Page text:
A prison doctor who assessed Mrs Zaghari-Ratcliffe (pictured with her husband) noted that she had a PTSD attack on Thursday after a TV broadcast when Iranian television aired pictures of a BBC pay stub and an email from 2010 showing she once worked to train Iranian journalists

When Mrs Zaghari-Ratcliffe (pictured) saw the claims while sitting with the other women prisoners watching the evening news, she fell off her chair, she told her husband this weekend

When Mrs Zaghari-Ratcliffe (pictured) saw the claims while sitting with the other women prisoners watching the evening news, she fell off her chair, she told her husband this weekend

'I was so worried about my mum – and whether she had seen it – I kept calling out.'

She went on: 'I felt like I am drowning, deep in the sea, and no one can help me. I cannot see the light. My pot of waiting is full.'

'I have worked so hard not to be damaged when I speak to Gabriella – each time after I saw her I used to cry so much at what I was missing. It used to break my heart. I am trying to think positive thoughts, and to distract myself. But they keep pushing these stories.'

'I have paid a huge price. I have been deprived of my life for what they say I have done. What they say is ridiculous. They have turned it all round to make me into a dangerous person.'

'I was calm yesterday, but I am really angry inside, and I worry – because the scars are so deep. Life will never be as normal as before. I worry about what Gabriella will remember. No one knows.'?

The case of Mrs Zaghari-Ratcliffe has gained momentum in recent weeks as British Foreign Minister Boris Johnson faces tremendous criticism at home over his handling of it. ?She?now faces new charges that could add 16 years to her prison term.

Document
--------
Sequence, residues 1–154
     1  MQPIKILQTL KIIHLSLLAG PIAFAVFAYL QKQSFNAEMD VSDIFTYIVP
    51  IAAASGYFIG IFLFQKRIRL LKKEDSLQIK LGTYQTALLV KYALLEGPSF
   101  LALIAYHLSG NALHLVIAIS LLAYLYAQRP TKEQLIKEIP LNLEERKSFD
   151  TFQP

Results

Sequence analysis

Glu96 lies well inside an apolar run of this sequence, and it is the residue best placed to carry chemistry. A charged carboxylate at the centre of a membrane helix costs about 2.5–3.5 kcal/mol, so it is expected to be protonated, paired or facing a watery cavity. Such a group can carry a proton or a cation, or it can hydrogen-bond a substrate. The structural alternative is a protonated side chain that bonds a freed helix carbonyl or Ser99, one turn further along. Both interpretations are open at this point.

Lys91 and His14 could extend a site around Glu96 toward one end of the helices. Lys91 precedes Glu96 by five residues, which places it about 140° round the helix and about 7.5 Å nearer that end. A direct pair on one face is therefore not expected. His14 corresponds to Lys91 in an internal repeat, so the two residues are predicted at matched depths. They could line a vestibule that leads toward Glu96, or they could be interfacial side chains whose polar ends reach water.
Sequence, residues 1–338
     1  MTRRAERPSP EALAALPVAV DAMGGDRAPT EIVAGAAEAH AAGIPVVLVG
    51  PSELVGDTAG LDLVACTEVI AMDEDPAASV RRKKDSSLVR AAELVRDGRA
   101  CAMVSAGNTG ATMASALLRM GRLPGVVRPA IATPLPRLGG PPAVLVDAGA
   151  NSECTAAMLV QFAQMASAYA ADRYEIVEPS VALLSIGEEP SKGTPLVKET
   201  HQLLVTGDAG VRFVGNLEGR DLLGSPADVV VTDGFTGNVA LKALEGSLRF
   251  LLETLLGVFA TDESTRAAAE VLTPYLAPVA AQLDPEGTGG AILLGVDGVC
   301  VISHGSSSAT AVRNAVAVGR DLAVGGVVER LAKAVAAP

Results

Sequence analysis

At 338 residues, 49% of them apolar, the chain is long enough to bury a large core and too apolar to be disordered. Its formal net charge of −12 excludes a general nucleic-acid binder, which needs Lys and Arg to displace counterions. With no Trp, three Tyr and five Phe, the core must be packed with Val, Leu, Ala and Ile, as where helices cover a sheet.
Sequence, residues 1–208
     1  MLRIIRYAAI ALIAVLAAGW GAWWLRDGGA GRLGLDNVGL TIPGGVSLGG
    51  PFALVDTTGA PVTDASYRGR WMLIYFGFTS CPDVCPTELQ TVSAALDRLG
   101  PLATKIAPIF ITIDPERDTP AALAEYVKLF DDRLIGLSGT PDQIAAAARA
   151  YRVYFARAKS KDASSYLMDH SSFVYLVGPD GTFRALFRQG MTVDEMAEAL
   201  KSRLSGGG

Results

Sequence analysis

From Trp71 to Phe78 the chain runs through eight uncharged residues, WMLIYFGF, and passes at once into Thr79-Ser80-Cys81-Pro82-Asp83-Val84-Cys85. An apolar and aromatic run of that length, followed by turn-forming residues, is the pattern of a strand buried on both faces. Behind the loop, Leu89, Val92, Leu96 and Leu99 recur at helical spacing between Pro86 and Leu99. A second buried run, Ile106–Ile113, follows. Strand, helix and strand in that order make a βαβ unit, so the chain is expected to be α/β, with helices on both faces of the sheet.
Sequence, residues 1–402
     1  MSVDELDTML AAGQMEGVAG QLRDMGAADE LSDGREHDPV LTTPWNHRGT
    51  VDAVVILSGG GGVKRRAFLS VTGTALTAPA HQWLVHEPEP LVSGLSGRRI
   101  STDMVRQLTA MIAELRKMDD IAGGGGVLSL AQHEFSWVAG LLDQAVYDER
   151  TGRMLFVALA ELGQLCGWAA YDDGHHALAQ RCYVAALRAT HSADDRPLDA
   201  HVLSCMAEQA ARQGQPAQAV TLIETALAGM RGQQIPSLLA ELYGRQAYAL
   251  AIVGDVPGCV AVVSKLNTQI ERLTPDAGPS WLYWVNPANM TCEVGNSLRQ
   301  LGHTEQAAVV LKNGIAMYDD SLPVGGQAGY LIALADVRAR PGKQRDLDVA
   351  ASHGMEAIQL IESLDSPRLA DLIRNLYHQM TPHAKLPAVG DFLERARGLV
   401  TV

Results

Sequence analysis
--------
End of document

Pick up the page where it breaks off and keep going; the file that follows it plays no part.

Actor Emma Thompson and Richard Ratcliffe pose for cameras in London before a march in support of Nazanin Zaghari-Ratcliffe, the British-Iranian mother who is in jail in Iran

Actor Emma Thompson and Richard Ratcliffe pose for cameras in London before a march in support of Nazanin Zaghari-Ratcliffe, the British-Iranian mother who is in jail in Iran

A programme aired by state TV in Iran focused on Mrs Zaghari-Ratcliffe (pictured), who is serving a five-year jail term for allegedly planning the 'soft toppling' of Iran's government

A programme aired by state TV in Iran focused on Mrs Zaghari-Ratcliffe (pictured), who is serving a five-year jail term for allegedly planning the 'soft toppling' of Iran's government

When she saw the claims while sitting with the other women prisoners watching the evening news, she fell off her chair, she told her husband this weekend.?

She collapsed onto one of the prisoner’s beds, eyes closed. She started to sob, but she could not. No sound came out. It took her more than a minute before she was able to breathe properly and cry. She lay completely white, coughing as she couldn’t call out.

Both her husband and her employer Thomson Reuters repeatedly have stressed she was not training journalists or involved in any work regarding Iran while there.

The comments below have not been moderated.

The views expressed in the contents above are those of our users and do not necessarily reflect the views of MailOnline.

We are no longer accepting comments on this article.